Admittedly, I haven’t met a paintballer to date who wasn’t super competitive.  But let’s say I did.  This person would be less likely to cheat or take the risks that come with cheating. But most paintball players, at least that I have met, (most…not all) are incredibly competitive and have that “winning is everything” mentality.  If that is part of your “identity”, if you expect to win, then I would wager that winning is way more important to you than average Joe schmoe.   In other words, if you believe you’re a better player or team than your opponent, but the game isn’t going your way, chances are you are more likely to cheat to maintain your reputation or your “identity”.  Maurice Schweitzer, one of the authors of the study done at the U of PA that I mentioned earlier puts it pretty bluntly, “If people perceive a sport as a game or as a challenge to outsmart, rather than as a true measure of ability, they’ll look to cheating as the smart, winning tactic.”

Translation – I can’t do it on skill alone so I will rationalize myself into believing its part of the game and therefore I am superior, not inferior, for doing it.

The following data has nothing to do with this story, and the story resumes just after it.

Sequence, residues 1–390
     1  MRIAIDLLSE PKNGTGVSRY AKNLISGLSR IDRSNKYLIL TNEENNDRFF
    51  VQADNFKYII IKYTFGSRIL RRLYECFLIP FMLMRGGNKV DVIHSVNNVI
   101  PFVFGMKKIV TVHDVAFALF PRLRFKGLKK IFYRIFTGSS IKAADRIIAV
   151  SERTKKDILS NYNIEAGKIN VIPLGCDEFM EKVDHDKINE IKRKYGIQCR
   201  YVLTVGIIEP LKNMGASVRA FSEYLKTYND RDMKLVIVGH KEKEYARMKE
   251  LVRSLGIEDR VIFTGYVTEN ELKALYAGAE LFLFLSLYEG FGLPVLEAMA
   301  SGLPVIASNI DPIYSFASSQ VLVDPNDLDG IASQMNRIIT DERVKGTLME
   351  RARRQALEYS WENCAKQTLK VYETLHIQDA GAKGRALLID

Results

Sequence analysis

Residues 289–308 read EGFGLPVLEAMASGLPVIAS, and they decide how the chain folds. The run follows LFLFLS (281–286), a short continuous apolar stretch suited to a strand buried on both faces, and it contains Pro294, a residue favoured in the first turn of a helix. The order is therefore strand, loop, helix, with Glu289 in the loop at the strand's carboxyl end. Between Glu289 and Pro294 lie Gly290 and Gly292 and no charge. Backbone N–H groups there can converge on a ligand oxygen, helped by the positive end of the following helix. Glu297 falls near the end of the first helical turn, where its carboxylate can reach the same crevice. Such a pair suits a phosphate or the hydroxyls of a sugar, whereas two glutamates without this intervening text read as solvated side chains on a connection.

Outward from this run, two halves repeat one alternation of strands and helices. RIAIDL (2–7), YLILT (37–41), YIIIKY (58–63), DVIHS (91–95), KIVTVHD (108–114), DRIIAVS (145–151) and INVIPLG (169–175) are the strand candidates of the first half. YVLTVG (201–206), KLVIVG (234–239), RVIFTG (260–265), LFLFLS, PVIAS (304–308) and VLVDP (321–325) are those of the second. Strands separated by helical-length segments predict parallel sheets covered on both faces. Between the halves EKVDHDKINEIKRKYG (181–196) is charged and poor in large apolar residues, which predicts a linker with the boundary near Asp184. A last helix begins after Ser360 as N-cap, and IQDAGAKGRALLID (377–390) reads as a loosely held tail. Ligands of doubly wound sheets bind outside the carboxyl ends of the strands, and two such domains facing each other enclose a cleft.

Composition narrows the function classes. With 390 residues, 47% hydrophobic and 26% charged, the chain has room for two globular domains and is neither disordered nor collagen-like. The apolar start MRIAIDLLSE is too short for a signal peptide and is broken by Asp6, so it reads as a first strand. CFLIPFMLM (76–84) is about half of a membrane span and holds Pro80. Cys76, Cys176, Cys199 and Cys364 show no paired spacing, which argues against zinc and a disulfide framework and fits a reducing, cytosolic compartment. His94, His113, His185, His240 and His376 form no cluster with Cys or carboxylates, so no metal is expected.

Also a translation – now you’re a tool and weak.  And no one wants or likes a weak tool.

Here’s where it gets interesting from a sports psychology perspective.  See if this makes sense:  a Practice All Star who cheats is quick to justify their cheating as a matter of fairness. Here’s the logic: subconsciously or maybe consciously, they believe they have some disadvantage, and therefore, by cheating, they’re “leveling the playing field”.   How many of you have been at a practice and you KNOW the other team is cheating?  And how many of you reacted by figuring, well, if they are cheating, we will too! Yeah… you’ve done it.  It’s the ol’ “everybody else is doing it” herd mentality.  This can lend itself to and create a culture of, well, quite frankly, dishonesty.  Like socialism or communism, you eventually devolve into chaos.   Just know that both are stupid ways to govern and the people who believe in those systems are destined to fail.  They are also imbecilic.  Life is hard especially if you’re stupid.  Now, hopefully, none of you reading this are that weak willed.  Got a little off topic there… where were we?